Wheat falls 1% on global stockpiles, tepid demand

The most active wheat futures on the Chicago Board Of Trade were down 0.8% at $5.26-3/4 a bushel

  
Image used for illustrative purpose. A view shows ears of barley during sunset in a field of the Solgonskoye private farm outside the Siberian village of Talniki in Krasnoyarsk Region, Russia August 25, 2018.

Image used for illustrative purpose. A view shows ears of barley during sunset in a field of the Solgonskoye private farm outside the Siberian village of Talniki in Krasnoyarsk Region, Russia August 25, 2018.

REUTERS/Ilya Naymushin

SYDNEY  - U.S. wheat futures fell as much as 1% on Monday as ample supplies and concerns over international demand weighed on prices.

Corn edged higher, while soybeans rose more than 0.5% on strong demand for soyoil.

The most active wheat futures on the Chicago Board Of Trade were down 0.8% at $5.26-3/4 a bushel by 0254 GMT, after closing 0.3% lower on Friday.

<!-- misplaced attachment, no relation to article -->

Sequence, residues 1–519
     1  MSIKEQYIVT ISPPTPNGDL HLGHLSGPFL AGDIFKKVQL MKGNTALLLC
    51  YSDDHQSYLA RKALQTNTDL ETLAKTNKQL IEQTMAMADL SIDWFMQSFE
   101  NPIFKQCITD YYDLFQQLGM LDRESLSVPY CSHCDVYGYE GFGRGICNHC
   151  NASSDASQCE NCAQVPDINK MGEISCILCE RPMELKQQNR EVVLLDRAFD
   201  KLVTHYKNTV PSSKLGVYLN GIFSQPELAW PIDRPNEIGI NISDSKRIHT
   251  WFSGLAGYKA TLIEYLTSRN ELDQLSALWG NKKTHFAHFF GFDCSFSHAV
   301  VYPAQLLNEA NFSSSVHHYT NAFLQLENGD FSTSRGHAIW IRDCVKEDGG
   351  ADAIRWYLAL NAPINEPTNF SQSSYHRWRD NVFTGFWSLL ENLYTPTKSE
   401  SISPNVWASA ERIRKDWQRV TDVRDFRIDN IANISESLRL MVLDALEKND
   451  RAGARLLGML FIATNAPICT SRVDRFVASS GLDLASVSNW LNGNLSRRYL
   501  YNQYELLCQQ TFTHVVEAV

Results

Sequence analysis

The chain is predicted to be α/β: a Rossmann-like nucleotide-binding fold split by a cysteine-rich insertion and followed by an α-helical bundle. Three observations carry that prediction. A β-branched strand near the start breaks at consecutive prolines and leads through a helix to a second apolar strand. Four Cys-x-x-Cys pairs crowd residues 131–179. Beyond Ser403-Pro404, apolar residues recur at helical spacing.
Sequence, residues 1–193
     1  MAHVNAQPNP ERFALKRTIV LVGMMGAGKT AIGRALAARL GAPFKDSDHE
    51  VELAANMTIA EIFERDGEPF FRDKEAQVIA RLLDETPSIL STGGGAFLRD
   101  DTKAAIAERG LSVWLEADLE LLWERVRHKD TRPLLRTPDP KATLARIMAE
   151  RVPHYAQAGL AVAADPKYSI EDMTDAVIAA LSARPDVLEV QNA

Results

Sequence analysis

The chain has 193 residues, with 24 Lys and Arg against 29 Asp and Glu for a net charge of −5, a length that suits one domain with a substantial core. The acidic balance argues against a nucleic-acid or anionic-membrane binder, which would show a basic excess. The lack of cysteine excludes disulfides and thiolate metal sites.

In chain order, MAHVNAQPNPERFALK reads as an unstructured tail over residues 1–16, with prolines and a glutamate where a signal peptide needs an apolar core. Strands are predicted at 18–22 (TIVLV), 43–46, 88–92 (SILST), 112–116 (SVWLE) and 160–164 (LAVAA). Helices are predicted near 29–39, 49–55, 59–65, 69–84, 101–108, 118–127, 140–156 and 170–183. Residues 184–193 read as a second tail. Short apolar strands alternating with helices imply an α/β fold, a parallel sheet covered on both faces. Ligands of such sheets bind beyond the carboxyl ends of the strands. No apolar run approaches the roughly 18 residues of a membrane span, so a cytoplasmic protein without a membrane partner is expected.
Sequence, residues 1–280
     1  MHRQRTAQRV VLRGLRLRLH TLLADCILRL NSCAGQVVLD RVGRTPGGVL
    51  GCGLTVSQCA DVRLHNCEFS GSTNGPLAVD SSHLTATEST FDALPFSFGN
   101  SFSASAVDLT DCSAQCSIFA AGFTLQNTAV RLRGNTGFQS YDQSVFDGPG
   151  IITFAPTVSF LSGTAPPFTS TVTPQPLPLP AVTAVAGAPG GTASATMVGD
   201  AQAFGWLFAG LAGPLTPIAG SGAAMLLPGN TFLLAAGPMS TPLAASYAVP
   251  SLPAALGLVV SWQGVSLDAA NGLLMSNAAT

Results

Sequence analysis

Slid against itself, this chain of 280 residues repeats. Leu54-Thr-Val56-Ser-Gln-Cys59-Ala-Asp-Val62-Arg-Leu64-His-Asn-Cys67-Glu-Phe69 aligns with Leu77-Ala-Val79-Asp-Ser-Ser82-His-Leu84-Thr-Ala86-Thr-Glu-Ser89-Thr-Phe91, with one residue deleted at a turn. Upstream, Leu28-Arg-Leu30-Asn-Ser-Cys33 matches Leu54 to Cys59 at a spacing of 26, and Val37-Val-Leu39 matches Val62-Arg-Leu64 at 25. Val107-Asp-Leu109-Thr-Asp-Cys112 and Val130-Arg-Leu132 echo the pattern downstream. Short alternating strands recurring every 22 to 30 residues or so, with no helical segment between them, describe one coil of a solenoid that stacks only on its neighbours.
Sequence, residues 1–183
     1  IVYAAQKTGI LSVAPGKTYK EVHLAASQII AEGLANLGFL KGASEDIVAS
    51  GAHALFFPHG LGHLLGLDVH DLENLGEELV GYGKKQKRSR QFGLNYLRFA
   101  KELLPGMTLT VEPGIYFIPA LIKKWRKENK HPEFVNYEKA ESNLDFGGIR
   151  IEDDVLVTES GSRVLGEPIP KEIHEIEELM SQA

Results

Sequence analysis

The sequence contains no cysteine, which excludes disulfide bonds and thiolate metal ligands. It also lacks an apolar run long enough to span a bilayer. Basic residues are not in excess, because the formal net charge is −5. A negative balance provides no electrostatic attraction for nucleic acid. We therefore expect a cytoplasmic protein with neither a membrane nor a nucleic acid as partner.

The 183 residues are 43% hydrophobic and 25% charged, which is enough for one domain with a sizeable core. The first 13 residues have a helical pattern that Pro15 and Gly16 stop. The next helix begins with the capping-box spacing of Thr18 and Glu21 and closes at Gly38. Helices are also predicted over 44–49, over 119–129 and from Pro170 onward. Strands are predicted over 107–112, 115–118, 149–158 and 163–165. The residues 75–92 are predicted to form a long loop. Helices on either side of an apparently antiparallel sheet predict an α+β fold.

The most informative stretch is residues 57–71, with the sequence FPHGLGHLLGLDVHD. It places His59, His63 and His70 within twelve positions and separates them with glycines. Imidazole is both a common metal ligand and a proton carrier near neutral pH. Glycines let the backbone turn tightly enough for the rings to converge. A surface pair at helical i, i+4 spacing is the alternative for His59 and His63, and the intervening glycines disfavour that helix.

Analysts said improved outlook for major wheat producing regions was driving losses.

"There is a lot of grain around in the world, while a global pandemic doesn't bode well for huge increases in demand," said a Melbourne-based grains trader, who declined to be named as he is not authorised to talk to the media.

The Brazilian wheat crop has the potential to surpass 7 million tonnes this year and reach a record, provided the weather remains favourable throughout the cycle that has just begun, according to analysts interviewed by Reuters. 

The most active corn futures were up 0.2% at $3.27-1/2 a bushel, having gained 2.2% in the previous session.

The most active soybean futures were up 0.7% at $8.98-1/2 a bushel, having firmed 0.5% on Friday.

Traders highlighted strong demand.

U.S. Energy Information Administration data on Friday showed that the amount of soyoil used for biodiesel in May rose to 778 million pounds (352.9 million kg), up from 672 million pounds a month earlier.

The USDA last week confirmed that Chinese buyers booked their single biggest purchase of U.S. corn, purchasing 1.937 million tonnes, the latest in a series of large U.S. purchases, even as tensions between Washington and Beijing rise.

(Reporting by Colin Packham; Editing by Rashmi Aich) ((colin.packham@thomsonreuters.com; +61-2 9321 8161; Reuters Messaging: colin.packham.thomsonreuters.com@reuters.net))

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